Pro-Russian Separatists Are Flying the Confederate Flag. Why?
The self-proclaimed leaders of the so-called people's republic of Donetsk in eastern Ukraine are taking some tips from the U.S., but in a way that most people will not find palatable: They adopted a modified version of the Confederate Flag. It holds no meaning in Eastern Europe, so to whom are these Russian-backed fighters trying to appeal?
The Moscow Times reports:
The flag of the unrecognized Novorossia ["New Russia"] confederation is not entirely identical to the banner of the Army of Northern Virginia, as it lacks stars. …
But otherwise, it is the same as the Confederate flag, a blue diagonal cross bordered with white on a red background. General Lee would have been proud.
The pro-Russian rebels, known for their dislike of all things American, do not take direct inspiration from the U.S. secession movement or fear the implications of separatist bad luck that their flag entails. …
The official news website of the separatist People's Republic of Donetsk, part of Novorossia, on May 31 credited Ukrainian political analyst Mikhail Pavliv with creating the "official banner" of the self-proclaimed territory.
Yet, Pavliv, a support of the insurgency, told The Moscow Times he had simply stumbled upon the flag online somewhere.
It doesn't make much sense that anti-Americans, who already have their own Russo-centric images, would start waving this loaded American artifact. For comparison, wouldn't it be weird if instead of calling themselves "the State of Jefferson," the breakaway group in California picked up a name from 1860s Russia opposition politics and called themselves "the State of Mikhail Bakunin"? Transplanted foreign symbols just wouldn't resonate with locals, and Russia has long seen itself as above the racial tensions of America embodied in the Southern banner.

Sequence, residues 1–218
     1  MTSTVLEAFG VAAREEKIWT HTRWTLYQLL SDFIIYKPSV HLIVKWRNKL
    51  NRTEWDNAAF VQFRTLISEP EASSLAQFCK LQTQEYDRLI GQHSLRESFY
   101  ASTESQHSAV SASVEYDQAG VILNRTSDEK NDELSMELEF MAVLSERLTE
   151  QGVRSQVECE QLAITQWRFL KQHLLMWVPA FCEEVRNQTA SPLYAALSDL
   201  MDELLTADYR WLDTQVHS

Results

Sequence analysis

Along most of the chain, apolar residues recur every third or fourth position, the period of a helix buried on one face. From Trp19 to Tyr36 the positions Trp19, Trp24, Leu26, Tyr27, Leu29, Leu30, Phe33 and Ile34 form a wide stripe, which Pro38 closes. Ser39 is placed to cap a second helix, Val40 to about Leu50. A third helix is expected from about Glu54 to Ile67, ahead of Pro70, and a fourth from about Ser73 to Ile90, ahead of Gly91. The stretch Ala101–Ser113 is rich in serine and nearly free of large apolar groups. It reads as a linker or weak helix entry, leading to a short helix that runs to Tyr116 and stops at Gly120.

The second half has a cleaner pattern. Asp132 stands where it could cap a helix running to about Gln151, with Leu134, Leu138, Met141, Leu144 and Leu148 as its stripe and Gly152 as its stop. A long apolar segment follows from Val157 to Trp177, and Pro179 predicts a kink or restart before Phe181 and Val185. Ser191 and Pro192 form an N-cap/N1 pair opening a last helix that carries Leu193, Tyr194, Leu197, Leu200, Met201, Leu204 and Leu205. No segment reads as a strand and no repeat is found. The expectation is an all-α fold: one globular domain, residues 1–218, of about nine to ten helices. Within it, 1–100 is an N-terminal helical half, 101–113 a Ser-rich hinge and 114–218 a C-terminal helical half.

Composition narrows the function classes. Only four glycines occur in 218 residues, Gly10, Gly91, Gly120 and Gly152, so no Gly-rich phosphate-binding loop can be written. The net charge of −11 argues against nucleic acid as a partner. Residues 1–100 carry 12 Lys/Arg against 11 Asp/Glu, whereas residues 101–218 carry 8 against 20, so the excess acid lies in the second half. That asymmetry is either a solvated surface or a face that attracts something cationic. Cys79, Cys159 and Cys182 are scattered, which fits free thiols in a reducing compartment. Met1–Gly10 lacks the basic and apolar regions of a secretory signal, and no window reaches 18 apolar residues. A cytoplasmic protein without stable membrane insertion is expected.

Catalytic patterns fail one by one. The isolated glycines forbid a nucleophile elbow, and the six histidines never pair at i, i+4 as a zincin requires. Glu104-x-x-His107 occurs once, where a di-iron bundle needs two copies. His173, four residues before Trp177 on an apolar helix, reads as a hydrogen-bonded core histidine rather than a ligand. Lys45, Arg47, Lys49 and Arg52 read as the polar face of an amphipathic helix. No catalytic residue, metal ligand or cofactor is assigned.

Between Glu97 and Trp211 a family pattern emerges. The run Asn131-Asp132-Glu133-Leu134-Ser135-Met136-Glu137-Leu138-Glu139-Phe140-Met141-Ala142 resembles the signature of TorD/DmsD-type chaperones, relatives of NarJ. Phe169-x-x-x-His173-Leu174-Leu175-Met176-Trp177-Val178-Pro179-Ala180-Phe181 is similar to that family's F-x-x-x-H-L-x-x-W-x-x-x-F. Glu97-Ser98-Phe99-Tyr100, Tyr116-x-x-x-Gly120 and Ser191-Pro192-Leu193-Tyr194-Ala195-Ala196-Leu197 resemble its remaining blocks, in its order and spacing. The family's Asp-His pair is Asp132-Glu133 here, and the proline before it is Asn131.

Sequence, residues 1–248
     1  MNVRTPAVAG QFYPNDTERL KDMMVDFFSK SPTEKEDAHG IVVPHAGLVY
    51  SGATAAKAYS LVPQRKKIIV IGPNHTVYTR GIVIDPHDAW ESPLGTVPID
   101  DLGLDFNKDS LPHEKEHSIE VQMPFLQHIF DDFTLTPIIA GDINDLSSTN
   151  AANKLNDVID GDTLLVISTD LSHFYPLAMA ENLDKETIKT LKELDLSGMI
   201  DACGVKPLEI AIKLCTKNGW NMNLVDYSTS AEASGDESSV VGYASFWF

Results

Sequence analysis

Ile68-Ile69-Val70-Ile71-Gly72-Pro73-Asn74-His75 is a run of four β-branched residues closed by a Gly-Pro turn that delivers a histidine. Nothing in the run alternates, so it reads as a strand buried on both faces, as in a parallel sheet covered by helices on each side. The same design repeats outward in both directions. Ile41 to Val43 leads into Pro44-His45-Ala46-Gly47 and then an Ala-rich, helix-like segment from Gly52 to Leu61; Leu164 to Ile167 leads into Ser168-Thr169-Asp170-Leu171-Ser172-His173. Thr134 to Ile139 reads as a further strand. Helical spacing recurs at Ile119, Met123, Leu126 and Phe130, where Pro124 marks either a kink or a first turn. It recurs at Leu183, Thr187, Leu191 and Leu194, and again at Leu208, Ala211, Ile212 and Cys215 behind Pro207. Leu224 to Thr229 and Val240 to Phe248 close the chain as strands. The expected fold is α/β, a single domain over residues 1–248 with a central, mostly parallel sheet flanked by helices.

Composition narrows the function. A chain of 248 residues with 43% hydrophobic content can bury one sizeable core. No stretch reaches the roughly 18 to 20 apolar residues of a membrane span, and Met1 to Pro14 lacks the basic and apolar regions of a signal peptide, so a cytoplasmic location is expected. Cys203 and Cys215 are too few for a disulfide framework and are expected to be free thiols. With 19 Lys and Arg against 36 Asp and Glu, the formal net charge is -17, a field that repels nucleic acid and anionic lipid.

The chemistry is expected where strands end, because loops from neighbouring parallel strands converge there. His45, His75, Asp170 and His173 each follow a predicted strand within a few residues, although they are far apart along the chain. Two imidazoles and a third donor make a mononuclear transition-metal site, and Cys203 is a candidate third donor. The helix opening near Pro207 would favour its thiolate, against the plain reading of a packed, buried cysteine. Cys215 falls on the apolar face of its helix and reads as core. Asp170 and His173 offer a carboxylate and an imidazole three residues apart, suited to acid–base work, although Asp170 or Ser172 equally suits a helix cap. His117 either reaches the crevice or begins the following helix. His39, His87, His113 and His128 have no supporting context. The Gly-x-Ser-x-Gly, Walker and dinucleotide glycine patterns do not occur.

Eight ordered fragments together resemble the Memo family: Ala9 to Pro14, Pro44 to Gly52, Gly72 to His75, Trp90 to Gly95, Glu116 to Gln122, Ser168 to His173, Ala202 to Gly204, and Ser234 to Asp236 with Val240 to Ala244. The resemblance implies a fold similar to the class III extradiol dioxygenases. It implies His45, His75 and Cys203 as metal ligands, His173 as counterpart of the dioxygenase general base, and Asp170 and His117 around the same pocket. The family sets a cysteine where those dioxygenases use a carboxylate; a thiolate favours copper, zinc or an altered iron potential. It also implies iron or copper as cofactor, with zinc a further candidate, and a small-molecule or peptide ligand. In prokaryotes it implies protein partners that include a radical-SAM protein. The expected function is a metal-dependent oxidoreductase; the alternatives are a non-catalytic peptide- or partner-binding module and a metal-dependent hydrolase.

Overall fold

Now, there have been a few incidents of Europeans waving the rebel flag as a banner of anti-tyranny, such as at the fall of the Berlin Wall and, in fact, when pro-Western Ukrainians deposed their corrupt, pro-Russian president earlier this year. But, again, this separatist movement is anti-Western.
The insurgents, by their own admission, don't know jack about Dixie and certainly aren't defending its heritage. A lot of them are just Chechen mercenaries, not history buffs. On the other hand, Moscow has a surprisingly effective propaganda machine that does know history and does direct itself at the U.S.
Americans, for many reasons, are divided about the conflict in Ukraine. There are some who are wary of stopping the spread of Russian oppression because they're more afraid of the U.S.'s imperialist tendencies. Some of those Americans are sympathetic to Vladimir Putin and praise his conservative manliness. Some of those Americans identify positively with the Confederate Flag and see Russia as a cultural ally. Does anyone hear a dog whistle?
Here's a video of the bizarre matchup.